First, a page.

What Amount of Water Grows the Plant the Longest?
10 June 2012
In this experiment, 8 plants will be tested. Each except one plant (which will be the control group) will receive a certain amount of water starting at 0 teaspoons of water. Each plant will receive 1 more teaspoon than the previous cup, so it would be increasing. For example, cup 4 will have 4 teaspoons of water and cup 3 would have 3. The data recorded will be the length the plant grows up to. Goal:
The goal in this experiment is to see what amount of water grows the plant to its longest length. Background:
The amount of water for growing a plant has always been questioned regarding how much of it is most effective to grow the plant to its greatest potential. Too little water will not effectively grow the seed because it would require more water for photosynthesis. If there is not enough water, photosynthesis will not occur as much and will not produce as much C6H12O6 (sugar) it needs to construct cellulose for its cell walls (its structure), produce ATP (energy) molecules from respiration, and make organic molecules. Too much water would also be dangerous for the plant because oxygen wouldn't be able to get through the overwatered soil and get to the roots, thus suffocating them. Oxygen is vital for respiration, the process of making energy (ATP) for the plant. Also, overwatering can kill the seed by drowning it and making its tissue fragile to rotting, not even growing the plant. From these researched observations, it can be assumed that the in-between amounts of water are favorable to the growth of the seed and plant lifespan. Hypothesis:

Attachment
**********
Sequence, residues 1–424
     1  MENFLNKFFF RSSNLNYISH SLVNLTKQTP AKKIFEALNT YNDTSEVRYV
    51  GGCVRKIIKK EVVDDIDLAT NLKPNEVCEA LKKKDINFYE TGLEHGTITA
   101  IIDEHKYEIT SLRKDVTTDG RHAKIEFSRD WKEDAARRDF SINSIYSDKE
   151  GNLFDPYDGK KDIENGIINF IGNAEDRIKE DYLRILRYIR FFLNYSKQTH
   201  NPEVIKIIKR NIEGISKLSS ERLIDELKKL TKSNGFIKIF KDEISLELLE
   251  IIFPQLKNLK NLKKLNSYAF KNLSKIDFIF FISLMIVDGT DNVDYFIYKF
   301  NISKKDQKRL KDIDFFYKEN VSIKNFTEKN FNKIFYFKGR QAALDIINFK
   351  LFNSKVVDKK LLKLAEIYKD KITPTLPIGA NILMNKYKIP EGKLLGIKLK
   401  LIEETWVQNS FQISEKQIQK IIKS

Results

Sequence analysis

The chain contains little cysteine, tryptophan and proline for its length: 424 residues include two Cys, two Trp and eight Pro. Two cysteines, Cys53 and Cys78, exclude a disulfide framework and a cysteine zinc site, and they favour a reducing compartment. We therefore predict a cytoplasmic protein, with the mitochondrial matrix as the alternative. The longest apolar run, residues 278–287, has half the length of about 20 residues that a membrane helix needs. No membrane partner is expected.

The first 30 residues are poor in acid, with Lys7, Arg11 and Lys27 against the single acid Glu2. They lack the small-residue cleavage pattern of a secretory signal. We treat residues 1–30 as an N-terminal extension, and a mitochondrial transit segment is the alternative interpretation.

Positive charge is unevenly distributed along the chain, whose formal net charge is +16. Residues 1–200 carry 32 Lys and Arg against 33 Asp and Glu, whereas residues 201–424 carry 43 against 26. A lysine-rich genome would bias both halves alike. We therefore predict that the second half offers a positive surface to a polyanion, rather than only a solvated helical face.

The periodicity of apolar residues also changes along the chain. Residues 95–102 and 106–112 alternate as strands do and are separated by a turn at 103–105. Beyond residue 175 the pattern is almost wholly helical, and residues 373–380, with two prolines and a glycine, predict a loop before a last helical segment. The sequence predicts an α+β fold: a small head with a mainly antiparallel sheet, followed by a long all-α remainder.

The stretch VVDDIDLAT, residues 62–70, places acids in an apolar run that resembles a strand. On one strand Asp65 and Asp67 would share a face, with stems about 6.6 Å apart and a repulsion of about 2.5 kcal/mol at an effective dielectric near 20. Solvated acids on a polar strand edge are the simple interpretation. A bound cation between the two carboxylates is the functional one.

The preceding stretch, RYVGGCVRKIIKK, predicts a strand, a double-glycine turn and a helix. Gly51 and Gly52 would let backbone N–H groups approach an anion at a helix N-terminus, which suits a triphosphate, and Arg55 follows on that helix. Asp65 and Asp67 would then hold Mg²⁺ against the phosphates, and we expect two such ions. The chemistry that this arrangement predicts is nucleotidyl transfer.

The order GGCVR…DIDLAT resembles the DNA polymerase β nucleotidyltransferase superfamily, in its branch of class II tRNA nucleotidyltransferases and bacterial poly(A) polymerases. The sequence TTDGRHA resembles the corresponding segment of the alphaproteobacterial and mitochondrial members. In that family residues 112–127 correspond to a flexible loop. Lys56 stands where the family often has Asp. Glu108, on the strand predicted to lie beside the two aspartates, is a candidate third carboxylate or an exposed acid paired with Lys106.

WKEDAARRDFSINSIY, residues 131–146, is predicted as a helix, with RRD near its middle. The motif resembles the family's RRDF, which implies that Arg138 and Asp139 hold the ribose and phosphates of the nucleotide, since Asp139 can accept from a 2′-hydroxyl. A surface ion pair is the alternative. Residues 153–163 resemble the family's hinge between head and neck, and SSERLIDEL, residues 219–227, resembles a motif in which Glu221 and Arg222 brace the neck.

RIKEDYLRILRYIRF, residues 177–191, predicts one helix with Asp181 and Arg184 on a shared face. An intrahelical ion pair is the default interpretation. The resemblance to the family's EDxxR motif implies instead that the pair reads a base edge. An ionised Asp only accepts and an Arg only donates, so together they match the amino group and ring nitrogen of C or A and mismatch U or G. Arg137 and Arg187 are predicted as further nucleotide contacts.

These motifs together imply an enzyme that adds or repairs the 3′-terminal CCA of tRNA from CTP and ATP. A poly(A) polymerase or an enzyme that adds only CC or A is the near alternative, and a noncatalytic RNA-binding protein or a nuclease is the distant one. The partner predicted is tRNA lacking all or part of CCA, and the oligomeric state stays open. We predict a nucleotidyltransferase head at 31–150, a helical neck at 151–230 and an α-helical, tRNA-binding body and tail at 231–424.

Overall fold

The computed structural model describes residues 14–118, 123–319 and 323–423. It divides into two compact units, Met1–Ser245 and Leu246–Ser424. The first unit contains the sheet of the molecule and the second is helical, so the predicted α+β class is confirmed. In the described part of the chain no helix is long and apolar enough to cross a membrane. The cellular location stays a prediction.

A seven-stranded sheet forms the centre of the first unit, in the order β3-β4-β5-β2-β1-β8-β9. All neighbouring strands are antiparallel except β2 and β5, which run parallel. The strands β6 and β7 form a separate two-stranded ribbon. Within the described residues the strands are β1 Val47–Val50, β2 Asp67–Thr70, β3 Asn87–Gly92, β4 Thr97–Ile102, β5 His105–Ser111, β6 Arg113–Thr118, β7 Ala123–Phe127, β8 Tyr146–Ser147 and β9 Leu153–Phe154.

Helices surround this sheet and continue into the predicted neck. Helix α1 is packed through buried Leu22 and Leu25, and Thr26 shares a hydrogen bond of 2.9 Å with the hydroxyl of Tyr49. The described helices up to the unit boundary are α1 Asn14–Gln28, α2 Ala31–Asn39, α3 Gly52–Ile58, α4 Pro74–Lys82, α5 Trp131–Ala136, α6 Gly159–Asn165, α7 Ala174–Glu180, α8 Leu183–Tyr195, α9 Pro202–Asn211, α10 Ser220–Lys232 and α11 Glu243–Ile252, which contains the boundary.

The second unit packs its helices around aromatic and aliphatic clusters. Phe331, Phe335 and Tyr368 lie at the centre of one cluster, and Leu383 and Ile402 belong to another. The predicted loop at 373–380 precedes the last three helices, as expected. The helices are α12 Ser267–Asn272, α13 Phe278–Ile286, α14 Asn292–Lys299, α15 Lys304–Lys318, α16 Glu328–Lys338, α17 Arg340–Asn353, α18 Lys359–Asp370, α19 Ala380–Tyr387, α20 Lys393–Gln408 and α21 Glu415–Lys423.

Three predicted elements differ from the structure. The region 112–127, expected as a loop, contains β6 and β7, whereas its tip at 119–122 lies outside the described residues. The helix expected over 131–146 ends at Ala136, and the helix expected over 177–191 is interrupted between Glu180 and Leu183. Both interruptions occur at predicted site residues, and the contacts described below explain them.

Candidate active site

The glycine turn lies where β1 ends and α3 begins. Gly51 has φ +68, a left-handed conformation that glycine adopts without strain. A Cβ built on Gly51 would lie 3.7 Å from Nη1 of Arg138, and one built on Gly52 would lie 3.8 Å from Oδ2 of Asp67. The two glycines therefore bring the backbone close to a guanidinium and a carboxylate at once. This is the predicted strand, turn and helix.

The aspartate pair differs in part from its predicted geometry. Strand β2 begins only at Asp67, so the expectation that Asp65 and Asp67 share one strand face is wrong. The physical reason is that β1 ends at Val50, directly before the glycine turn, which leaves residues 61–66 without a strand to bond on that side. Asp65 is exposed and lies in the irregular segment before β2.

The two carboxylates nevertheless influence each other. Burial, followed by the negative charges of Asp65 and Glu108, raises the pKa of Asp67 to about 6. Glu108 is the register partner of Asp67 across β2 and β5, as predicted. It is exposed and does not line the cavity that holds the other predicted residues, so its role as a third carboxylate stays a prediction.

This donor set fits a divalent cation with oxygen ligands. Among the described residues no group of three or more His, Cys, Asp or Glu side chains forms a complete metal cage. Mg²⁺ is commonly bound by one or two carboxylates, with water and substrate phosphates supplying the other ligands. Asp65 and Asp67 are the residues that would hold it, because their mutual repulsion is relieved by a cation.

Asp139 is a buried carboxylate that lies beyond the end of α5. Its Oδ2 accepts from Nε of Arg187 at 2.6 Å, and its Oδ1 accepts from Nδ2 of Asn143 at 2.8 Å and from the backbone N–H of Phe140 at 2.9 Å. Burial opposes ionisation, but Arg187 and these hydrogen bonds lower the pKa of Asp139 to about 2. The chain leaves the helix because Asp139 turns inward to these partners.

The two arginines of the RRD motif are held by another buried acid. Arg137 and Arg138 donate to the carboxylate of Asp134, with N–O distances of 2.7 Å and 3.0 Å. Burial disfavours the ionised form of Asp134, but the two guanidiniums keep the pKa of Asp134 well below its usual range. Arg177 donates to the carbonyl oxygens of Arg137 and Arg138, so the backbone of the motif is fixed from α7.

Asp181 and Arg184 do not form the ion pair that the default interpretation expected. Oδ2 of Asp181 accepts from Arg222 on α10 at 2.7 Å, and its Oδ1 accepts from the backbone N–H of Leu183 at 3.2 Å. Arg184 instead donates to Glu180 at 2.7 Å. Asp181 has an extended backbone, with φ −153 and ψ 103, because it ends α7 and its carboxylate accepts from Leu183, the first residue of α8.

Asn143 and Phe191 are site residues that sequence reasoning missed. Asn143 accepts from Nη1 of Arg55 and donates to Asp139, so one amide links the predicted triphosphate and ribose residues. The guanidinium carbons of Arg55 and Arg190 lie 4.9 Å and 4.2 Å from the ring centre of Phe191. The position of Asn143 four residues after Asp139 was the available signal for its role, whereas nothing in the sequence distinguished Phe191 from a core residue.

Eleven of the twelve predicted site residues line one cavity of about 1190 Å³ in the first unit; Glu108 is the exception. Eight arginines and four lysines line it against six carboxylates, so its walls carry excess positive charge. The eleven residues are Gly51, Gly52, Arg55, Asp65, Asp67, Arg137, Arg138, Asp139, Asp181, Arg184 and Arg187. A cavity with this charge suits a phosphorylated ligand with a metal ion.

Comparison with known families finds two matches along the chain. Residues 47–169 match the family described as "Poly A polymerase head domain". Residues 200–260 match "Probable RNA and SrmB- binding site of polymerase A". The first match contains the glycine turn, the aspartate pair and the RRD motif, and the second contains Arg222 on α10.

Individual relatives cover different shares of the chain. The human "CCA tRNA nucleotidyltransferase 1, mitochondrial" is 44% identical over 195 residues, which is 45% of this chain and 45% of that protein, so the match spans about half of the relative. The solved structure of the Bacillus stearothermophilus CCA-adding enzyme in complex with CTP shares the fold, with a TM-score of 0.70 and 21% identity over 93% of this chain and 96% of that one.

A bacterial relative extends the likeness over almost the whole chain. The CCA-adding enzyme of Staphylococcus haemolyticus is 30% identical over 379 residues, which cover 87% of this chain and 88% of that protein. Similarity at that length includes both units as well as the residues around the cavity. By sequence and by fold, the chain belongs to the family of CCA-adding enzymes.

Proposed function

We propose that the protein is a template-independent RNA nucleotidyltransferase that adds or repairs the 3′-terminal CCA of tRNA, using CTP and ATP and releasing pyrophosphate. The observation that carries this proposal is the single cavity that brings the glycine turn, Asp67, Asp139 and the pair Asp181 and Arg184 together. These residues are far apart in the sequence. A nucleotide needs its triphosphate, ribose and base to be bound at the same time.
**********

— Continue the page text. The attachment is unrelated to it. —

The intermediate amounts of water will grow the plants the best, since too little water won't grow the plant much and too much will drown the seed.
To begin this experiment, you need to get 8 cups. For every cup, put soil in it. For every cup, put enough soil to...
Cited: Mader, Sylvia S. Biology Ninth Edition.
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